Rite of Passage
A story of a coming of age ceremony for some young men – with one of them having some concerns. It’s hard to say much about this story. It’s written very in the moment, which adds a great deal of tension to it all and I could actually imagine it as a performance piece actually (I’d love to see it performed one day.)
The Cobra Hissed
I remember speaking to the author and he told me that once, during his travels, he had a near encounter with a cobra and couldn’t help but think about what might have happened. This tells the story of what might have happened and it really highlights how, in certain moments, our lives could go down vastly different (and indeed, much shorter!) paths. Based on that premise, I was looking forward to this one and I enjoyed it.
The Sun Cafe
This is the second longest story in the collection and, perhaps, my favourite. It tells the story of a man in Greece who wishes to see the top of Mt. Olympus. I shan’t tell you whether or not he makes it, but on his way he interacts with a variety of different people and has a lot of interesting experiences. I feel like there’s a lesson to be learned when you get to the end, but I’m not sure that the protagonist ever learns it himself. What helped make this story so enjoyable was that the immersive writing style really made me feel like I was seeing, hearing, feeling and doing everything that the protagonist did.
The Leap of Faith
A man (Perry) is shocked when his wife (Prue) suddenly leaves their house because she is disillusioned with her life. She’s sick of the unfulfilling humdrum of day to day existence and so one night she decides to leave it all behind – much to Perry’s bemusement. This decision takes them both on quite a journey and I found myself very invested in these characters. I think what makes it so appealing is that everyone will have thought about doing what Prue does at some point and it’s nice to see that fantasy play out.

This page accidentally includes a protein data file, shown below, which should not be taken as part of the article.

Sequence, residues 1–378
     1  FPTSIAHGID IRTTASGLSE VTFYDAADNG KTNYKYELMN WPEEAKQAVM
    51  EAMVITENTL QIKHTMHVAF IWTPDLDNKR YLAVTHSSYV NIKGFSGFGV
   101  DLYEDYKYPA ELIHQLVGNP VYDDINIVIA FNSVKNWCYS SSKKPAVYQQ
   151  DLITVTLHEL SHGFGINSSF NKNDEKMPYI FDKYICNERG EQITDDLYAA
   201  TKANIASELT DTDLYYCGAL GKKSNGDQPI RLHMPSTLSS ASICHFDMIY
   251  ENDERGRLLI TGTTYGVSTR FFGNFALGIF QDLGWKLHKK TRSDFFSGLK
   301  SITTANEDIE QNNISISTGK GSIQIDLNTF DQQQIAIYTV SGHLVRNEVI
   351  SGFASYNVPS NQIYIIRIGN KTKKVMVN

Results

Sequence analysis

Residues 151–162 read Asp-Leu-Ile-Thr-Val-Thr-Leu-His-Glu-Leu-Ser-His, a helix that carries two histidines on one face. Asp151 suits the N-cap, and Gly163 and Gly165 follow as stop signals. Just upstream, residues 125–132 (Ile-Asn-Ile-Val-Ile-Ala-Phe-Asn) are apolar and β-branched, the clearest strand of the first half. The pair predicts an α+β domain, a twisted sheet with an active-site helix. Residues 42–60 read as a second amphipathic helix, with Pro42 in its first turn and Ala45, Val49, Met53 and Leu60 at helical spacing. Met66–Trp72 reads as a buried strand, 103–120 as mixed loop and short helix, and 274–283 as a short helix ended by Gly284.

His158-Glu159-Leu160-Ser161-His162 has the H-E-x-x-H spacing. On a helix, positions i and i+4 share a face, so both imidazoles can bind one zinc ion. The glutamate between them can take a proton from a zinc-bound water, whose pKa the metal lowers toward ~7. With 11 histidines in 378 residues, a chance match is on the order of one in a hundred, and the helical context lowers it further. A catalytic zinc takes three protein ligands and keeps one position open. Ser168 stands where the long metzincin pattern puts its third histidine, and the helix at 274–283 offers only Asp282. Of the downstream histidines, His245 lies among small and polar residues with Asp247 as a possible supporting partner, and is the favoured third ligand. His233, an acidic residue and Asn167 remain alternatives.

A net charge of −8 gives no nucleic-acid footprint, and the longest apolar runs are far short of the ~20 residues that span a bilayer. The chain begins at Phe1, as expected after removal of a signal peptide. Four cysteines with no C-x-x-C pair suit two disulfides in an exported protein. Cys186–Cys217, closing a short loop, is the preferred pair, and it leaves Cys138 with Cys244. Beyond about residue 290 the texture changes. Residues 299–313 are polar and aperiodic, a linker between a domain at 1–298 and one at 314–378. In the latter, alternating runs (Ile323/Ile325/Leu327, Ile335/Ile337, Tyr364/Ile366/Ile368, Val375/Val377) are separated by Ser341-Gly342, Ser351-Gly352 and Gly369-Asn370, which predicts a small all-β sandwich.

The Last Coelacanth
A very short and depressing story about the last Coelacanth in existence. Presumably set in the near future, what makes it so much worse is that it is so terribly believable. It’s hard to say as much about this one – but again it creates the impression that you’re seeing just a snapshot of the lives of real people.
The Flower People of the Pamirs
One of the best in the collection: a group of three people in Soviet Russia head out to an obscure corner of the country in order to investigate rumours of Neanderthals. The three characters are all very different people and all have very different motives for being there: the story is told by switching between each of their diary entries and it’s an approach I quite enjoyed. Together they encounter the ‘Rayu’ people, who they hope may give them some insights. I found the direction of the story most unexpected, but appreciated that clues to what was really happening were planted along the way. The ending was very sweet and nicely optimistic. A perfect way to close off the anthology.
So, if you happen to come across this book (which, unfortunately, isn’t very common!) I recommend you give it a try. Genuine thoughts, feelings, sensations and impressions have been captured in these stories – but it’s not just raw experiences, there’s some thought provoking and insightful stuff here too.